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Writers’ residency in Uganda offers women forum to articulate issues they face

Wednesday February 21 2018

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FEMRITE-Uganda Women Writers Association is holding the seventh Regional Residency for African Women Writers in Kampala (February 12-22, 2018). The residency provides an opportunity for women to take time out from their professional, family and social life and write.

The programme was launched in 2008 with the aim of promoting intercultural literary discourse and to provide a conducive atmosphere for women to grow and groom their writing skills. But the most important objective of the residency is to find new literary voices through which the stories of Africa can break out into the international arena and to celebrate the women who have walked and left a mark on the African literature scene.

The six previous residencies have culminated in anthologies whose titles include World of Our Own and Other Stories, Summoning the Rains and Nothing to See Here. FEMRITE is a home-grown, non-profit membership organisation whose objectives are to publish, train and promote books, short stories and articles written by Africans, especially women.


The residency is a good reminder of the struggles of women to rise above the “rat race” and find time to articulate the issues that affect them, across geographical boundaries and cultures, above economic and social status and across generations. At this particular residency, Nigeria, Somalia, Ethiopia, Uganda, Tanzania, Rwanda and Kenya are represented.

The writers are an amazing mix of a dignified retired civil servant, a robust university lecturer, a gusty film-maker, a soul-searching NGO worker, a courageous lawyer, a president that rules no country, a retired secretary, a stay-at-home mother who craves white privilege, a preoccupied journalist and the third eye who is now writing about everyone else.

And this is just the beginning. There are many other women who are not represented and who do not get the opportunity to write their stories themselves. But talking about them here will have to include the politics of inclusion, identity and representation, which is a whole other discussion.


Women over the years have used the pen to resist oppression and the alienation of their rights from those of other humans. Writing by women has special qualities, as it tells stories that are an indication of and directly impact the challenges that they confront daily, either as individuals or as members of a society.

It has been and will continue to be one of the best ways that women can and should break the silence on physical and emotional abuse, loneliness, subjugation in society and the workplace, female genital mutilation, race and gender relations and all forms of discrimination.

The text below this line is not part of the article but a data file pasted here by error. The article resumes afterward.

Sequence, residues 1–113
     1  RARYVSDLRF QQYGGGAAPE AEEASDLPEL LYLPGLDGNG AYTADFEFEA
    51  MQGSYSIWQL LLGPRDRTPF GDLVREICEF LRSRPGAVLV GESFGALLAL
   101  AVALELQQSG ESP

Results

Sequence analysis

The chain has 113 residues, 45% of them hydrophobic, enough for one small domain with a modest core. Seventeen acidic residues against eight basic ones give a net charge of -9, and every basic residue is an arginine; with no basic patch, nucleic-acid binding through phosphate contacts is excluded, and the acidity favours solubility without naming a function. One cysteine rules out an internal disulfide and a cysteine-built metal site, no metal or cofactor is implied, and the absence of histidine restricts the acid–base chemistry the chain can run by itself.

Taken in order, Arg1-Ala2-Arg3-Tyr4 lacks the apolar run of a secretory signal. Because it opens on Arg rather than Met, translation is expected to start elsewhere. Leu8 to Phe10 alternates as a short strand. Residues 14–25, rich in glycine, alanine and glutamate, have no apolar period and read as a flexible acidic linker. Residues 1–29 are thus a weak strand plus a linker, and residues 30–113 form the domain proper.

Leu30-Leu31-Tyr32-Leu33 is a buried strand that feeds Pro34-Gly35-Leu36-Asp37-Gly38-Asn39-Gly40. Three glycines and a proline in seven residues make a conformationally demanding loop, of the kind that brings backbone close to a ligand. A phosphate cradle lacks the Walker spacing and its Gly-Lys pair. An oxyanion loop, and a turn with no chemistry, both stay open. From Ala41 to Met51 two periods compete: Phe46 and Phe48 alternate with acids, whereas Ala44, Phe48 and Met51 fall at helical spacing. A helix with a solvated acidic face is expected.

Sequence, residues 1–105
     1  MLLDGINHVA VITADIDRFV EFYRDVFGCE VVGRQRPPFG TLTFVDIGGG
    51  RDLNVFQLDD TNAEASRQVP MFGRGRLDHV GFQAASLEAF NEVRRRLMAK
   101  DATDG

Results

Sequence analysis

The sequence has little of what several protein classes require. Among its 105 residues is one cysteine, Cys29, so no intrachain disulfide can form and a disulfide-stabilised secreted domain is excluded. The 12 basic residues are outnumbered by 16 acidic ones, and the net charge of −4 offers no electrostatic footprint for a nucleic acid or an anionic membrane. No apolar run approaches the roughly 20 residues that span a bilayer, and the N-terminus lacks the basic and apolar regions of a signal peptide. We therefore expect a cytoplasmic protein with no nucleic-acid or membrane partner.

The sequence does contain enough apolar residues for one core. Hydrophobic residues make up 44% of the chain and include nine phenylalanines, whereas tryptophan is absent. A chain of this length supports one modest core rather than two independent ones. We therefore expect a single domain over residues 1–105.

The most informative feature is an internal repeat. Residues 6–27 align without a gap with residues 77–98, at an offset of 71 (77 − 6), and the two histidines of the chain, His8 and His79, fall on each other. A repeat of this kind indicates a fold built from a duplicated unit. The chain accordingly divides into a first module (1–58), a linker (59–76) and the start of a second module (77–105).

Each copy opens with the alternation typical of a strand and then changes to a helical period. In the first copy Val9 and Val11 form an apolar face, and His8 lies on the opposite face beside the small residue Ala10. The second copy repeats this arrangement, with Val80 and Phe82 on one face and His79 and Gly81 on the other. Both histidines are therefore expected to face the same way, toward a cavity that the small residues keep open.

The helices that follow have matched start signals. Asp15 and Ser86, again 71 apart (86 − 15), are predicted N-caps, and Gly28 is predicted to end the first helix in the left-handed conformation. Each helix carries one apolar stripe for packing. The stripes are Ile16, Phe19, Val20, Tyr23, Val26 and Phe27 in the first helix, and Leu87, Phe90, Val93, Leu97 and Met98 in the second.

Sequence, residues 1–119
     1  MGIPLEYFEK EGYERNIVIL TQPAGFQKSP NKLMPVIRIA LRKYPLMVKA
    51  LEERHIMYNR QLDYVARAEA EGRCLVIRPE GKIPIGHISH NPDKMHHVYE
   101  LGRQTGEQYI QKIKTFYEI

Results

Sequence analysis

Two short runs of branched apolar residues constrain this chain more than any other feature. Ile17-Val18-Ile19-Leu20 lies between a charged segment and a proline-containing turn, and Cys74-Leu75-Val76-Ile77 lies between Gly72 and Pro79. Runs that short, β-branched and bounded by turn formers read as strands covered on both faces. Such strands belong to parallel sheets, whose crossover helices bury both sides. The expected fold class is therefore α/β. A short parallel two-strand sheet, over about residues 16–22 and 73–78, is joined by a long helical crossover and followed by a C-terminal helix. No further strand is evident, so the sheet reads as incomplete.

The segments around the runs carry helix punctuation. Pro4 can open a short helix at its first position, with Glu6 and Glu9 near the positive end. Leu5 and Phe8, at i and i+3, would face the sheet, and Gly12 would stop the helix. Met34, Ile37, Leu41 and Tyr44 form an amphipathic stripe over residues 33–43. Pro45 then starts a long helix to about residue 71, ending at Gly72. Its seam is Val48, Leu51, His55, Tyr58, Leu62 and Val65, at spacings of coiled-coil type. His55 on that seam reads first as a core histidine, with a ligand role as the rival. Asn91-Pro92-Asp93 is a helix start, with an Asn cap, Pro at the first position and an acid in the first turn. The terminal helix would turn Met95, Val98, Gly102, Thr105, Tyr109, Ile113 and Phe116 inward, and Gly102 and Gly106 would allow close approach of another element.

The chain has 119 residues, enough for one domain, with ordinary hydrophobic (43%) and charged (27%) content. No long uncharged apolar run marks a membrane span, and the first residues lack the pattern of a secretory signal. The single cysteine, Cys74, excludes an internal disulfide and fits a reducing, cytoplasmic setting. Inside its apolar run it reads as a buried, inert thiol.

These issues are anchored in the culturally assigned roles of women and writing about them has been associated with feminism. In the theoretical framework, feminism is seen as anti-establishment, anti-male and many times against religion as well.

These are flawed premises, as writing simply gives a woman the privilege to take responsibility for her experiences and to express herself in a manner that is appropriate in her cultural context. Many times the pressure for a woman writer to declare her position on feminism is a failure to recognise her as first a human being and then a woman.


One of the most important aspects of this residency is that literature affecting the lives of African women in the diversity of their experience will be generated and will hopefully be shared with other publics in Africa and elsewhere in the world. I expect a number of the issues that gripped my attention, through the interactions and presentations, will come up.

They include the place of sexuality for young women of the current generation, the institution of marriage and the changing roles of women in it, how migration and or immigrants affect women and the new roles they play as immigrants that many times force enculturation.

Other issues will be war and insecurity in Africa and the particular affects that the already vulnerable populations have to endure. The psychological and emotional health of women is likely to be included.


A very important aspect of the residency was a visit to a Ugandan school, where writers were expected to encourage children to write and tell their own stories. I cannot over-emphasise how important it is to impress upon children the value of reading and writing. Africa has been under-represented in literate society, since most of our knowledge was heavily invested in our oral literature and intangible heritage.

The adoption of a formal system of education has not really opened up great doors for Africa as literate societies. Children must be encouraged not only to read and write but also to aspire to be writers.

The Grace Ogots and Muthoni Likimanis have already made a footprint in this field and the Yvonne Awours and Chimamandas are walking in these footsteps. But we certainly need more people to fly this flag high for Africa.

Twitter: @muthonithangwa